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Q & A with Martha

The Evolution of a Market

An Interview with Wellington Real Estate Powerhouse Martha Jolicoeur

Martha Jolicoeur remembers when Wellington was a small community with big, equine-inspired dreams. It wasn’t always the winter horse show capital of the world, and Jolicoeur has witnessed its evolution. Even more, she has played a role in the growth.

An accomplished rider herself, Jolicoeur came to the crossroads of her amateur career in the competition ring and was drawn to a second passion. She obtained her real estate license in 1991 and is now a member of the elite Douglas Elliman Real Estate Sports & Entertainment Division with a distinguished reputation within the Wellington real estate market.

One of Martha Jolicoeur’s farm listings at 3490 Grand Prix Farms Drive in Grand Prix Village. Photo by Pagoda Photography.


Q & A :


Q : How long has your real estate business focused on the Wellington market?

A : I have been coming to Wellington since 1979. I stayed at the Palm Beach Polo Club for the first time that year, and I haven’t missed a season since. When I stopped riding, real estate became my competitive sport, because that’s how passionate I am about it. But specifically, my real estate business has been focused on the Wellington Market since 2005, after I got my license in Florida in 2004.


Q : How was the market different then than it is today?

A : When I started in Wellington, there was a boom in the market. You listed things, and they sold right away. I still feel that we have a very sound market, and more people are coming to Wellington than in 2005 because the horse show, dressage and the international aspects have all expanded. We are dealing with a larger base of people coming to Wellington looking to own property. The other thing that is positively affecting the market now are the tax advantages of being a Florida resident.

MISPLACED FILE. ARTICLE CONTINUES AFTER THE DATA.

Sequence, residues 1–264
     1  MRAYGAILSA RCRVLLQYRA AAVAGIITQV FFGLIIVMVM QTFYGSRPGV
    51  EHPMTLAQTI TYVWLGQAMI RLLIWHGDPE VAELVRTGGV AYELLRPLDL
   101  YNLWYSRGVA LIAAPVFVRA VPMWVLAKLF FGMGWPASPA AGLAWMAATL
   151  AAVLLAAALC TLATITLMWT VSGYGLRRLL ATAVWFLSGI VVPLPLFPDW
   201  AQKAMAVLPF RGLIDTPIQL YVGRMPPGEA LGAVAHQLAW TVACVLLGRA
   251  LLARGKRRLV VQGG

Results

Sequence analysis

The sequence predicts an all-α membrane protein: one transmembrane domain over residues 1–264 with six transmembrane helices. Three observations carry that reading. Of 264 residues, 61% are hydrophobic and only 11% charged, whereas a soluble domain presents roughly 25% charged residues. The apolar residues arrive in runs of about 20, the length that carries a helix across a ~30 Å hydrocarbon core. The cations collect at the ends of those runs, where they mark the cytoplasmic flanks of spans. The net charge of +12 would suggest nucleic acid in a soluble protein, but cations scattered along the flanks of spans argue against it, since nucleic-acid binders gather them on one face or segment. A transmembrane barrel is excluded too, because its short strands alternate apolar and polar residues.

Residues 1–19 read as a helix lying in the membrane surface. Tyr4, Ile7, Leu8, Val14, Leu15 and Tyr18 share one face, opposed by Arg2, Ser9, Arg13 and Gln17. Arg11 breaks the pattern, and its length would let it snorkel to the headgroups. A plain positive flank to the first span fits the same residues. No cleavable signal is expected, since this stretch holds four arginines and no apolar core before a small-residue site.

Q : What do you think the biggest change has been in real estate over the last decade?

A : Growth has been the biggest facilitator for a strong market in Wellington. The horse show has grown, and the array of people has grown. Before, people were renting more than buying, but  today more people have bought because they realize the horse show is here to stay, and they spend more nights in Florida than anywhere else throughout the year. I would say that the majority of all equestrians have someplace to call home in Wellington.


Martha Jolicoeur at home and at work in Wellington | PHOTO BY ERIN GILMORE


Q : How have the types of properties changed over time?

A : There are always trends. For example, when I first started, I sold a lot of condos. The trend was, “What can you get for the least amount of money?” Then there were years where barns sold like cupcakes and large houses didn’t, as well as years where everyone wanted large houses independent of farms. Now, I feel like we have a nice mix. The market is good, and you really want to sell.


Q : How does the equestrian community within Wellington make the real estate market unique?

A: The horses! Without horses, it would not be the same at all. Wellington’s equestrian industry was founded by Bill Ylvisaker when  he brought polo here. Without the horses it would, it would be the same as anywhere else in south Florida. It truly is the winter equestrian capital of the world, where everyone who speaks the same language or horse comes together. That gives it a real sense of community.